American Romantic, 2014, Excerpt and Review


Suggested by George Lynch:

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An excerpt from Ward Just’s novel, American Romantic, 2014

Harry was quiet once again. Then he said, I grew up in Connecticut. That’s like growing up in your chateau country down near the Loire. Most Sundays we’d have a splendid lunch with the squires, our neighbors, a congresswoman and her husband, a professional soldier and his wife, two bankers , other locals, including a retired ambassador and various characters who had been in and out of government. The congresswoman was an excellent mimic and hilarious as she went about describing the legislative sausage machine. Brigadier General Candless was similarly superb on military science and tactics, including the Bulge in 1944. He had taken part in it. The bankers were entertaining as they went about demystifying Wall Street, or trying to. Where my mother and father fit into this company I cannot say, except they were fine hosts. Everyone was fond of them. I think it’s fair to say my parents established a sphere of intimacy, almost of confidentiality, at their Sunday table. No one had to say, This stays in the room among us. Everyone knew that the conversation stayed in the room and the remarkable, or contradictory, fact was that indiscretions were rare. These were people of the wider world and sexual or financial escapades had no real interest for them unless a president, a secretary of state or defense, or the speaker of the House was implicated, whereupon the worm of malice began to crawl as at any other table. But that aside, the company rarely spoke of current events but of things of the past, the general’s campaigns, the congresswoman’s battles with Senator Joe McCarthy. Elections won and lost, wars won, stalemated, or lost, promises kept, promises broken. I would say also that the atmosphere was often melancholy. At my father’s table failure was more instructive, more revealing, than success.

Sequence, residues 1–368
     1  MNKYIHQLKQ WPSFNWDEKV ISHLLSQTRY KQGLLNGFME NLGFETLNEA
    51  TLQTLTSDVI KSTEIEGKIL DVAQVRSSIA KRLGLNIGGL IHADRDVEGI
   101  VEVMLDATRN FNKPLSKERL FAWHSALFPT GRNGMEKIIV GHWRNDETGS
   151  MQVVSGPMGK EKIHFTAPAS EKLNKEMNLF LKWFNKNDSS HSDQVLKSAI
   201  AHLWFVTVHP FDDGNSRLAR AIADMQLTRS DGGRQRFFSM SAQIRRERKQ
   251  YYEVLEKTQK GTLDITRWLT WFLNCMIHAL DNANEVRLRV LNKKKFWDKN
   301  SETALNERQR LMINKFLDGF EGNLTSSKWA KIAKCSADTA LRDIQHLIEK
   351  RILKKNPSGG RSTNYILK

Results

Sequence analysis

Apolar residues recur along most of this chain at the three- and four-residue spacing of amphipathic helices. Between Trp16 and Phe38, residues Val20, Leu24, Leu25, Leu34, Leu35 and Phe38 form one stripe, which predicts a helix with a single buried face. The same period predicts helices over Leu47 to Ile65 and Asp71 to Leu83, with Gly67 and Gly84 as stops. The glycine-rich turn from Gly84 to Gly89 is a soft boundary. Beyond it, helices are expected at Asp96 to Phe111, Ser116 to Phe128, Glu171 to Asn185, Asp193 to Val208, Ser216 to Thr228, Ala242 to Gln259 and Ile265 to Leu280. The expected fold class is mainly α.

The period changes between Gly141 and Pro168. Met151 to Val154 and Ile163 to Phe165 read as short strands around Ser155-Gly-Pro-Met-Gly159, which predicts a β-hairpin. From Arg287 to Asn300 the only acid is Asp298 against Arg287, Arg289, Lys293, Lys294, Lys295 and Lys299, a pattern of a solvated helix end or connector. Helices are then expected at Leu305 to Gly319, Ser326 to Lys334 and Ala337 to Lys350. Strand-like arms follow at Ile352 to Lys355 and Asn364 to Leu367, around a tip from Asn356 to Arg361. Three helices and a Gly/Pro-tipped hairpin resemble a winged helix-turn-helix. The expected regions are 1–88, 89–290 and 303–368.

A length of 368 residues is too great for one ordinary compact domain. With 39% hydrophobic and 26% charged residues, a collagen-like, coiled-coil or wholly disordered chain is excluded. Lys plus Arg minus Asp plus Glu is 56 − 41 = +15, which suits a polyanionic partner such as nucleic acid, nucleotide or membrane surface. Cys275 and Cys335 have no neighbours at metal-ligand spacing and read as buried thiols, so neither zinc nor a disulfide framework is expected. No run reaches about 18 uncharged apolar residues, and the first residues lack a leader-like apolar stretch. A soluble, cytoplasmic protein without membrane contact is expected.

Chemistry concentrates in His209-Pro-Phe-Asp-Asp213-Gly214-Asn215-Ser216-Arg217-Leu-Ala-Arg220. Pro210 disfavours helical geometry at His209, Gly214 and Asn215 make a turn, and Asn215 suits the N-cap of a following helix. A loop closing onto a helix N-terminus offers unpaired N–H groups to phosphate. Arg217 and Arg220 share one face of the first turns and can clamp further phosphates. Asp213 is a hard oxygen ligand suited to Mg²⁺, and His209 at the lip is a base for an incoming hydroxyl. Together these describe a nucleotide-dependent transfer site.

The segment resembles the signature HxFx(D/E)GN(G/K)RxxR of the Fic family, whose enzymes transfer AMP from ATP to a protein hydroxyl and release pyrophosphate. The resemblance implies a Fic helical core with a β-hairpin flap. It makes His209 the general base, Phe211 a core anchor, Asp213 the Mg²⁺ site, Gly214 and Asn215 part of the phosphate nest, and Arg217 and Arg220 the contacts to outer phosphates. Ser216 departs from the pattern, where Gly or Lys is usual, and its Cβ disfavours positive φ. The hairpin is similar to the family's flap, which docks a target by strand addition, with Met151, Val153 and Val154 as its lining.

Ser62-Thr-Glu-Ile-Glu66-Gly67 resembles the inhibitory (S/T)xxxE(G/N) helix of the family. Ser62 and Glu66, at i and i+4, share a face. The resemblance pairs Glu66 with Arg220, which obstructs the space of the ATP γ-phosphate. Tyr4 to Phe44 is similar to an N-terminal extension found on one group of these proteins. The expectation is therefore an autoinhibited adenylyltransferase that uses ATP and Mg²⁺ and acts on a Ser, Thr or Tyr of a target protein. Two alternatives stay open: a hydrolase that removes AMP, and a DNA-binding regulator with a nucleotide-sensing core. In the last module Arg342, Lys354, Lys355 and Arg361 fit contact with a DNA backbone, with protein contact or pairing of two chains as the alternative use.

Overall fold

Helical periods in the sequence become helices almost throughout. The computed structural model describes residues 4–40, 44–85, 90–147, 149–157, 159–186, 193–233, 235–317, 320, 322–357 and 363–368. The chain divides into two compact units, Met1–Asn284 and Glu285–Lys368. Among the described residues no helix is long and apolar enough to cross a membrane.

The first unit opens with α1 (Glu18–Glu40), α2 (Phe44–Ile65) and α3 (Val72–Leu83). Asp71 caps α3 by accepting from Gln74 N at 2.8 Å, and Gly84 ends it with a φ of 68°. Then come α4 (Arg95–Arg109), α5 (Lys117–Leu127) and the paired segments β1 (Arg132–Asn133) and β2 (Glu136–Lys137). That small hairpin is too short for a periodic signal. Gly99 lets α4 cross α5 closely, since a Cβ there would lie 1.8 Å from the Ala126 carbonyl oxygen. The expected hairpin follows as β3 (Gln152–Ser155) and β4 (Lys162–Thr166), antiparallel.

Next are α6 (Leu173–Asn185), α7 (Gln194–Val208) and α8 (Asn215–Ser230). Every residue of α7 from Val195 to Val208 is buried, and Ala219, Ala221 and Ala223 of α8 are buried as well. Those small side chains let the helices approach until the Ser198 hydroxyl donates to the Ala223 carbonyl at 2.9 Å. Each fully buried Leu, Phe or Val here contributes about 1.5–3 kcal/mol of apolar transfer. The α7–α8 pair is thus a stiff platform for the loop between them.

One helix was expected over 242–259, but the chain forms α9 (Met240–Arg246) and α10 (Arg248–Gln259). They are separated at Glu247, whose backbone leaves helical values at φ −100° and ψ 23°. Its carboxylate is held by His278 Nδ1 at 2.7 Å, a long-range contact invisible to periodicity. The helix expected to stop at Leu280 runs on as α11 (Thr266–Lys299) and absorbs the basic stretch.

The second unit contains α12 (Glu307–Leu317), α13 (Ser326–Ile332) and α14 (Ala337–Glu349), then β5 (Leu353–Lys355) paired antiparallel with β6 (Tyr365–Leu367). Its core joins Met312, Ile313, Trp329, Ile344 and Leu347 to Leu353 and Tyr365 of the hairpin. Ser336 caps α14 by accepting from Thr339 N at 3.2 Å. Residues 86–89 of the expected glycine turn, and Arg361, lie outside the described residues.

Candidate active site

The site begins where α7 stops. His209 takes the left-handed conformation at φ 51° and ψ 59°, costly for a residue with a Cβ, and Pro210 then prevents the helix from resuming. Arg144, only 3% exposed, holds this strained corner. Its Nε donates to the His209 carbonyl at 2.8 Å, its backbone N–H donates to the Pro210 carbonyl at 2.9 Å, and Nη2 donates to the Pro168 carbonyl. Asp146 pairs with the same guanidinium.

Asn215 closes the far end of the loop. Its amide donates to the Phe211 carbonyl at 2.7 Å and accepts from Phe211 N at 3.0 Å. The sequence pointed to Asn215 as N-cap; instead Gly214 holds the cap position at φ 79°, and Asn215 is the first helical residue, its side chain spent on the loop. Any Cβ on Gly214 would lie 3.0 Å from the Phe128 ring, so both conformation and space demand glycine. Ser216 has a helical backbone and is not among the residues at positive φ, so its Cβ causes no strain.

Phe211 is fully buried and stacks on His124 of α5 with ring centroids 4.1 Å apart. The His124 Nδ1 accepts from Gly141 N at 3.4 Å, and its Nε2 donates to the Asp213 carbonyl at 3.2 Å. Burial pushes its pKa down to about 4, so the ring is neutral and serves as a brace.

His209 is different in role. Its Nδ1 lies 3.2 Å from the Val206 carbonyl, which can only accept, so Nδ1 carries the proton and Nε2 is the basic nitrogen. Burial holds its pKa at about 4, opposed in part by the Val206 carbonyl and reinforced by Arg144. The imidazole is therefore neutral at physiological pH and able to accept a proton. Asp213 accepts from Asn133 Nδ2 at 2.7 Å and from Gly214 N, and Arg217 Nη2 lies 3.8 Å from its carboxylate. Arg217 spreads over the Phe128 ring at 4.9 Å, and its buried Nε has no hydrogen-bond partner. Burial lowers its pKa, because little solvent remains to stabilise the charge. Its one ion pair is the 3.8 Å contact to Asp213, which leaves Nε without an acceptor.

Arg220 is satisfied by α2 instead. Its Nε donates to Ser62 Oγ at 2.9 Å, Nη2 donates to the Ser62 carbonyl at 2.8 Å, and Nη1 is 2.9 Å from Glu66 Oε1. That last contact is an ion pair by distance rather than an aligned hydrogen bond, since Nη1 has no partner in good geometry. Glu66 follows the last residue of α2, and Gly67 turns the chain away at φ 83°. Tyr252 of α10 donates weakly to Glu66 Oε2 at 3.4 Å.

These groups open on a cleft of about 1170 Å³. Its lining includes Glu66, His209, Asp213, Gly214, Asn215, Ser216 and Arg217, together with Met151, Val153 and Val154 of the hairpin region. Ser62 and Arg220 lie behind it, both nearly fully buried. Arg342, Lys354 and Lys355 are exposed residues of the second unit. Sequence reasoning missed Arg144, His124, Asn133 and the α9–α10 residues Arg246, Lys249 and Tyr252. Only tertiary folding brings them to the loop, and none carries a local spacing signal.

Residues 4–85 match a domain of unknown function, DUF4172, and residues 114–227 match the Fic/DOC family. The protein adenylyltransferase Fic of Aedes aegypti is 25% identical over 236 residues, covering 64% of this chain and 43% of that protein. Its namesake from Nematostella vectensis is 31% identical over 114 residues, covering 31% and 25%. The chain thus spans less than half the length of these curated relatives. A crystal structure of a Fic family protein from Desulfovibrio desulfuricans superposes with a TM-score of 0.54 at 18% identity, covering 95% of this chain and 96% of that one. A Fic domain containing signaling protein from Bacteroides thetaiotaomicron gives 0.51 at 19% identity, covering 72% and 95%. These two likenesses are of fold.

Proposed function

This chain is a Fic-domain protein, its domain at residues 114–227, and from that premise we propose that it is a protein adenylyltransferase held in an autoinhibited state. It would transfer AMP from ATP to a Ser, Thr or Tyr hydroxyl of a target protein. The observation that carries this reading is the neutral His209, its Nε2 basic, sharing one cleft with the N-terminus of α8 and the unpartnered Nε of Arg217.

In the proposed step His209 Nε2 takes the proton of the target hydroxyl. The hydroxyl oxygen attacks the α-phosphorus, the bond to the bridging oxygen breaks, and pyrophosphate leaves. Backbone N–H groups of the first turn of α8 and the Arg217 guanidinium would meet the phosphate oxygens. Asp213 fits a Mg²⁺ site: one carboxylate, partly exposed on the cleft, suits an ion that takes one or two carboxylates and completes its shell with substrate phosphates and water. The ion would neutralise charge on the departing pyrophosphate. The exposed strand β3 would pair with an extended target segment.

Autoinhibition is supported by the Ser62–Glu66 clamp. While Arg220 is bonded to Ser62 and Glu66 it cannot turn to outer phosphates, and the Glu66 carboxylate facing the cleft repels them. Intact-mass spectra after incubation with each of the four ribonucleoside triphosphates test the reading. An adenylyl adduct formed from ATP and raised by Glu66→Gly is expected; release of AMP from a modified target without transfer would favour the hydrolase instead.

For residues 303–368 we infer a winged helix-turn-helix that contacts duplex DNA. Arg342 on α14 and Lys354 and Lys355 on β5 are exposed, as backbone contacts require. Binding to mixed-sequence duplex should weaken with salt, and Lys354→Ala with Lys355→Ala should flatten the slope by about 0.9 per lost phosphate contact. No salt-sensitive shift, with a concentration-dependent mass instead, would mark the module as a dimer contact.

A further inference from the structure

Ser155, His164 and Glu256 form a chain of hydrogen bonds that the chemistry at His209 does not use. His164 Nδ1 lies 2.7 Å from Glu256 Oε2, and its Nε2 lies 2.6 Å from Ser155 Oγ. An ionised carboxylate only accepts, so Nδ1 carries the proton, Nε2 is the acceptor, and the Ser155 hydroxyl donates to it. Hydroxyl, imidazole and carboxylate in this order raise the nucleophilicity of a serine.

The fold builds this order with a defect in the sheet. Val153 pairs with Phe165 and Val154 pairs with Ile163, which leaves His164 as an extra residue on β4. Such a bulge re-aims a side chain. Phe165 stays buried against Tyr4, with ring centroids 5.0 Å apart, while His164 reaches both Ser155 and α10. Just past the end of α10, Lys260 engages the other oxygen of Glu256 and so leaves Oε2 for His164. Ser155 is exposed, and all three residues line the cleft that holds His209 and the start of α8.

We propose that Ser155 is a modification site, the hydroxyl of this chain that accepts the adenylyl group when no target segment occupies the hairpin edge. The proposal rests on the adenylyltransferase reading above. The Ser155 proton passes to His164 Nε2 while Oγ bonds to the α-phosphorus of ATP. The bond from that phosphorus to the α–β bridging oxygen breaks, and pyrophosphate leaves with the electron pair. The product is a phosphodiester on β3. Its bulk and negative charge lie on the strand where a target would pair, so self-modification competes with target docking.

The admiral nodded thoughtfully, adding a ghost of a smile. Thing was, Harry went on, all the stories they told had something missing. This, it seemed to me then as it does now, is common among government people. Congresswoman Finch, for example, in describing the eternal struggle over foreign aid was meticulous in her account of who said what to whom and when, the politics of it, the influence of the lobbyists. But at a certain point she shrugged and changed the subject. To go beyond that certain point might have – would have- undermined faith in the system. She had realized she was addressing – I suppose the word would be civilians. Brigadier General Candless was eloquent on the progress of the Battle of the Bulge, an account drawn from a set-piece annual lecture he delivered to senior cadets at West Point. He had the names of the principal officers and their units, which performed well and which performed badly. The flow of the engagement. He had the German order of battle. He noted the weather, the terrain, and the fortifications. He quoted from diaries and after-action reports. Still, there was something between the lines where you found a hint of something else, something excruciating, beyond words, unspeakable. The hint was indistinct, a single voice in the chorus of a thousand. Brigadier General Candless was an intelligent man and knew a blank space when he saw it, and the same was true of Congresswoman Finch, even the bankers. As they were talking there would come a moment when their voices trailed off and any attentive listener would know they were deep in their memories, pondering what they were unable – not unwilling but unable – to say aloud. The missing piece. All the stories had missing pieces that spoke to motive and perhaps misprision or something very like misprision. This was something personal and inexplicable, the fact that refused to fall in line with the other facts. A black sheep fact, important enough to make a tidy account a little less tidy. To grasp it you had to have been there. More than any other single thing you had to understand the context, what was at stake and the consequences. No civilian could know that, even the worldly civilians around the Regency table at my father’s house. These were inside jobs. That was the world they lived in.